Nutrition for Overall Health
Powerful Patient, 2009 Week 4
Host: Joyce Graff, http://powerfulpatient.org, firstname.lastname@example.org 800-767-4845
Beginning January 19, 2008
Joyce Graff speaks with Tina, a nutritionist who has been working with people with complex medical conditions for 27 years, and who is dealing with a rare disease herself. Tina shares her tips for sustaining your stamina no matter what happens.
About Our Guest
Tina is a nutritionist and a diabetes educator. In order to preserve her privacy we are not using her last name. She has von Hippel-Lindau disease (VHL) and is grappling with a number of health issues herself. Her personal challenge, and the challenge all her patients face, is how to maintain her core strength, stamina, and optimistic spirit in the face of the very real physical challenges. Essential elements in maintaining that strength and optimism are good food, good rest, exercise, and gratitude.
How to Clean a Leek
Tina talks about making leek soup, and learning on the internet how to clean a leek. Here are the instructions she referred to:
Here are a few recipes for quick, nutritious soups that combine cooked vegetables with the water in which they are cooked in order to preserve all the vitamins in the vegetables.
Homemade Chicken Soup
"Homemade chicken soup - but you don't have to be sick to deserve or enjoy it - you do, so do! Good for body and soul!"
- 1 (3 pound) whole chicken
- 4 carrots, halved
- 4 stalks celery, halved
- 1 large onion, halved
- water to cover
- salt and pepper to taste
- 1 teaspoon chicken bouillon granules (optional)
- Put the chicken, carrots, celery and onion in a large soup pot and cover with cold water. Heat and simmer, uncovered, until the chicken meat falls off of the bones (skim off foam every so often).
- Take everything out of the pot. Strain the broth. Pick the meat off of the bones and chop the carrots, celery and onion. Season the broth with salt, pepper and chicken bouillon to taste, if desired. Return the chicken, carrots, celery and onion to the pot, stir together, and serve.
Basic Vegetable Soup
From Mireille Guiliano --
Basic Vegetable Soup
My mother cooked all the vegetables in water. Although potatoes were always included, the choice of other vegetables was often a matter of availability. The trick was the finish. Here it is:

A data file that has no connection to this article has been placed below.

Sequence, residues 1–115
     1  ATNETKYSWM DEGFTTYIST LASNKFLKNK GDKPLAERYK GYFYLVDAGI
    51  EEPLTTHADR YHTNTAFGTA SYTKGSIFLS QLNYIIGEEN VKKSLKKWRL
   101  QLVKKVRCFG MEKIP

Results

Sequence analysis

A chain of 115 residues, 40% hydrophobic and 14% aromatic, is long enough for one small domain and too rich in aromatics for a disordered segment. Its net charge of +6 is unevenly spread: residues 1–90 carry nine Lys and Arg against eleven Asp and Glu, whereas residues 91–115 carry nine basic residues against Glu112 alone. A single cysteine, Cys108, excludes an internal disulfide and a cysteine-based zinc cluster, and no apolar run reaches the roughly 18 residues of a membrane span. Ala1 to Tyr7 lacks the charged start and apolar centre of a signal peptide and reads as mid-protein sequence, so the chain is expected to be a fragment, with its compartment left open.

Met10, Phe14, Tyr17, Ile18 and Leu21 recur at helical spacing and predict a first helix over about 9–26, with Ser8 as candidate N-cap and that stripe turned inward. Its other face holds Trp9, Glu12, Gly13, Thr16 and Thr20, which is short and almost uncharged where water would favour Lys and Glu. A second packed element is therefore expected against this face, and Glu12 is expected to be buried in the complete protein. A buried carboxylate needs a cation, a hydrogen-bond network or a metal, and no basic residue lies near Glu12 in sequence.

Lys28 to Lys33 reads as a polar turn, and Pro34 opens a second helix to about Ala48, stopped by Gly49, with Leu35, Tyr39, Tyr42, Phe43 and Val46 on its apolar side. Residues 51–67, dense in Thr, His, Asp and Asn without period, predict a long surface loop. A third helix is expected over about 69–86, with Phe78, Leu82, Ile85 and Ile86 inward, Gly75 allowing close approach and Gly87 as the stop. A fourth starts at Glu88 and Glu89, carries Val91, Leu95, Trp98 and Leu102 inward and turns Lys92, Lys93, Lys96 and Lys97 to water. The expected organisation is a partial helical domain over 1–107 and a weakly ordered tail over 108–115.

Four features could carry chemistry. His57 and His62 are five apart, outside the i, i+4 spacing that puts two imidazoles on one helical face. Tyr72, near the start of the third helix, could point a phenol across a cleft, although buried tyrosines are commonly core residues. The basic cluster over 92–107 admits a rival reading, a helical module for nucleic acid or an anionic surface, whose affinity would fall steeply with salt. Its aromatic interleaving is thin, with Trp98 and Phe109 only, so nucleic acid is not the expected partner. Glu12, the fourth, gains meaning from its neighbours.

2 potatoes (about 4 ounces each)
1 small cabbage
2 celery ribs with their leaves
2 medium-size yellow onions
Freshly ground pepper
2 teaspoons salt
½ teaspoon dried thyme
2 bay leaves
Small bunch of fresh parsley
10 cups of water
1. Peel the vegetables. Cut the potatoes and cabbage into small cubes; wash the leeks carefully and slice them crosswise. Slice the carrots and celery as well, and quarter the onions. You should have about 10 cups of prepared vegetables. Use the same amount of water.
2. Place all the vegetables in a stockpot. Season with a grind of fresh pepper, add the salt, thyme, bay leaves, and parsley, and toss with the vegetables. Add the water. Cover and bring to boil slowly. Reduce the heat and simmer for 1½ hours.
3. Remove and discard the bay leaves. Drain the vegetables, reserving the cooking liquid. Purée the vegetables in a food mill using the cooking liquid over the purée to thin them out. Reheat the soup until the first boil. Taste and correct the seasonings and serve.
At the end of the fall, Mother would add the last tomatoes of the garden and in the dead of winter half of a celery root, but you can add whatever you like. Same for herbs -- suit your fancy.
Von Hippel-Lindau is a familial cancer syndrome – a tiny little misspelling in one gene, as if there were one word misspelled in a chapter in a book. People who carry this flaw in their genome are at increased risk for tumors of the retina, brain, spinal cord, kidneys, pancreas, and adrenal glands.
There is no cure for VHL, and treatment is usually surgery to control tumors, keeping them from growing into more serious problems. Over the past fifteen years, this Alliance of physicians and patients has developed strategies for screening, that is proactively checking for issues that might arise, hoping to find them early. Early detection allows the patient and the health care team time to develop a strategy for dealing with the issue as constructively as possible, preserving organ function and avoiding the worst consequence of cancer.